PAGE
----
Pantomimes might be the answer to the quandaries of our current theatrical environment

Ian McKellen encourages panto as a year-round phenomenon 

With outrage amassing about misplaced audience participation during musicals, it seems only fair to consider the most accepted form of audience interaction in theatre history: the pantomime. Ian McKellen concluded his tour of the beloved pantomime ‘Mother Goose’ on 16 April, proving the power of the play form outside of the festive season. Receiving a mix of reviews from those astounded by his comical flair to those questioning his fall from Shakespearean heights, the production received a litany of opinionated critical discussion. But why perform a panto during the Easter months? 

Pantomime is far older than its Christmas associations. Originating with the Commedia dell’Arte Italian art form, the style is now characterised by fairytale plots, modern pop songs, ridiculous costumes, and, of course, the pantomime dame. By the 18th century, the London stage was full of these traditions, introducing the concept of ‘slapstick’ humour and the art of mime to the mix. Cross-dressing was wildly popular, with male actors harking back to older traditions in their development of the beloved dame, and female actors pushing the boundaries of modesty with their adoption of masculine shorts and tights. 

Pantomime is one of the few theatrical traditions that has not only stood the test of time, but also been re-embraced by each new generation. While operas, ballets, and Shakespearean plays have to fight to encourage younger crowds, pantomimes are well-known for being a family outing. 

Pantomimes became associated with Christmas thanks to a Victorian tradition to open each production on Boxing Day, but Ian McKellen wants this to change, encouraging its uptake by all segments of society, at all times of the year. “A pantomime is a must!” he claimed on an American chat show. “I don’t have anything to prove, I’m not trying to make it – if I ever was. I’m trying to give the audience a good time.” 

Pantomimes are certainly an eclectic art form, with its humour acting as political satire, double entendre, and visual comedy. ‘Mother Goose’ offers modern mockery, such as encouraging the audience to boo every time the energy company is mentioned, as well as traditional puns about “big sticks of rock” and a pun on “cockatoo”.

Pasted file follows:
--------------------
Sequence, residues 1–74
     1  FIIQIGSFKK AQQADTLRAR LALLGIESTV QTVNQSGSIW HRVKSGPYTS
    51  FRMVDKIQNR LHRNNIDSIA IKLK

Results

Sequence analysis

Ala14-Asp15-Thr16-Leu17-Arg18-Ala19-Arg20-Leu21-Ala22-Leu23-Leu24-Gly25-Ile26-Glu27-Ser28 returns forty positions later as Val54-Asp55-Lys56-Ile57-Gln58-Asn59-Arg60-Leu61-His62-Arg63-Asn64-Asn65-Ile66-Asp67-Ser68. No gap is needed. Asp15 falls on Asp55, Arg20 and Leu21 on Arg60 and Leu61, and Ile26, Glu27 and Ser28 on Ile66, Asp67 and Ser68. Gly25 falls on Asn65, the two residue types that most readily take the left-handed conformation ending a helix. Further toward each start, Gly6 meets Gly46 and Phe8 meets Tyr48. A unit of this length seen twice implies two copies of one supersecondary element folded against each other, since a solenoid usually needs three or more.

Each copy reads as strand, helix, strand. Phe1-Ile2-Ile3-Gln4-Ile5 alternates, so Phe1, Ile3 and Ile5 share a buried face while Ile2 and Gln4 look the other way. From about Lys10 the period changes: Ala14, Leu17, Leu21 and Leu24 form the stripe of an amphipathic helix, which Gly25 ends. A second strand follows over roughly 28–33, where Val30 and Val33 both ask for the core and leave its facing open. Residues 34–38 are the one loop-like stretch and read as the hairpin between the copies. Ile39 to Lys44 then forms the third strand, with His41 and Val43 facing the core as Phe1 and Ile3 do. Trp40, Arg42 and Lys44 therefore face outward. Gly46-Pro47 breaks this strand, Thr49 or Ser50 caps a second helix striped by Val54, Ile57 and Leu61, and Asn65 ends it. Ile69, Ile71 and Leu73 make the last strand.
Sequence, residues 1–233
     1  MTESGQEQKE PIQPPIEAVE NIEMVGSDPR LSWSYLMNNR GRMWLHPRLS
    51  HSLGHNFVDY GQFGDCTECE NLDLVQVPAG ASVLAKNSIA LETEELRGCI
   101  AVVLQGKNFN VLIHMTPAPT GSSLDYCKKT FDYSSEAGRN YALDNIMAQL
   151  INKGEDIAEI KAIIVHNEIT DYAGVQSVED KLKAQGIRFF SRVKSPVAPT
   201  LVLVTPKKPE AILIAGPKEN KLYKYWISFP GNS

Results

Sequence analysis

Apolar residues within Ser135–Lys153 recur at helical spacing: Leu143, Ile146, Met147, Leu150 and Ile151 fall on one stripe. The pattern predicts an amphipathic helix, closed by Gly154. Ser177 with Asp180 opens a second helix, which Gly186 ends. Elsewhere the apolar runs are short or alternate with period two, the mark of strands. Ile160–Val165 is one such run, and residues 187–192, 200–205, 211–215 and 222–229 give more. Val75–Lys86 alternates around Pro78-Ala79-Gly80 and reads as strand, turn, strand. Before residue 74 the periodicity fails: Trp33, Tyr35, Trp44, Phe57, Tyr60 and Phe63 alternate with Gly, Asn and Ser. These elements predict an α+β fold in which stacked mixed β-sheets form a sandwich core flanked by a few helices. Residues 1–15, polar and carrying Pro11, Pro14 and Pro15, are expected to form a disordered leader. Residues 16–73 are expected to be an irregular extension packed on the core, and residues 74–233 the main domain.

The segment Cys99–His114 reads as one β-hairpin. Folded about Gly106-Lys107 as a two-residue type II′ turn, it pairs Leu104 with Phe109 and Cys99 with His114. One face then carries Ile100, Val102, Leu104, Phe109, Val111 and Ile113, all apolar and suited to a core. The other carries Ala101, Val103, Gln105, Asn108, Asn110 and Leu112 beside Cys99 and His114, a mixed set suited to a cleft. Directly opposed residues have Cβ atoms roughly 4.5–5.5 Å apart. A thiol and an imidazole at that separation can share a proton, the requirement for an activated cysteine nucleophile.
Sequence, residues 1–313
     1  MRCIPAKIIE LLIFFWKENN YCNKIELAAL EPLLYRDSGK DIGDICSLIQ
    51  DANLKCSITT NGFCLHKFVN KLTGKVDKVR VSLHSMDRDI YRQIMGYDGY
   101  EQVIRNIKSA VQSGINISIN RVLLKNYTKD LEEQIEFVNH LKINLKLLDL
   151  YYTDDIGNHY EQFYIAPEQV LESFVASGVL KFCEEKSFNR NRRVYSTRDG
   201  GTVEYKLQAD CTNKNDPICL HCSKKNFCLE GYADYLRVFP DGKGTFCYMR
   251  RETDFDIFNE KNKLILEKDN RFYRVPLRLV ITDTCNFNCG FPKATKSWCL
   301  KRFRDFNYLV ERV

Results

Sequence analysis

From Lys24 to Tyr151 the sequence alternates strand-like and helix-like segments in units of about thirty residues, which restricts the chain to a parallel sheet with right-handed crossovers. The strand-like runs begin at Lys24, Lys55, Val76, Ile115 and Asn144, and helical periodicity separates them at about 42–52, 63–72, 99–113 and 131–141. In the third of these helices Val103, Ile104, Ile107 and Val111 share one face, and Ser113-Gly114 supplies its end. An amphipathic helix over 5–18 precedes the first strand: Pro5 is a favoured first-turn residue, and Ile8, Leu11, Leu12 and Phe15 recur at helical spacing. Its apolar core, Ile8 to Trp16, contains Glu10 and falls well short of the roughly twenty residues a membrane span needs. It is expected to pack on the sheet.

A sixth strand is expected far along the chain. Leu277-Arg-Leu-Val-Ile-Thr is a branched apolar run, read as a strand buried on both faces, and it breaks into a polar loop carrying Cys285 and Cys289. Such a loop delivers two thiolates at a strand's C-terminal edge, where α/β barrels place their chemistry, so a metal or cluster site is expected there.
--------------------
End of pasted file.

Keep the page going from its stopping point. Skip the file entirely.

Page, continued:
“It uses every device that theatre can offer, there’s singing, there’s dancing, there’s rhyme, there are jokes,”  Ian McKellen said of the production. “But what intrigues me is that it has come out of this country.”

With Ian McKellen adding his name to the rostra of famous actors to adopt pantomime drag, perhaps it is time we reconsider the art form. Instead of viewing it as an odd little tradition, pantomime might make its way into a higher art form in years to come. 

Recent debates suggest that audiences love to participate in their favourite retelling of beloved classics, so why not fill the demand with an art form that appreciates it? Pantomimes might be the answer to the quandaries of our current theatrical environment. After all, if Sir Ian McKellen can adopt a skirt and satirise our current political hellhole, there is no one who can claim to be ‘above’ this long-loved tradition. 


Alexandra Hart

Alexandra Hart Contributor

I'm a student from London with a mammoth passion for all things theatrical. My favourite things are reviews, fringe festivals and interval ice-creams!

Writing for Voice Mag has given me a platform to develop my journalism and artistic skills - the perfect excuse to attend even more arts events in my local area. When I'm dancing, acting or creating I feel like I finally have a purpose in life. I hope this will be the start of a journey fuelled by my passion, and, propelled by my enthusiasm, this is what I want to spend the rest of my life doing.

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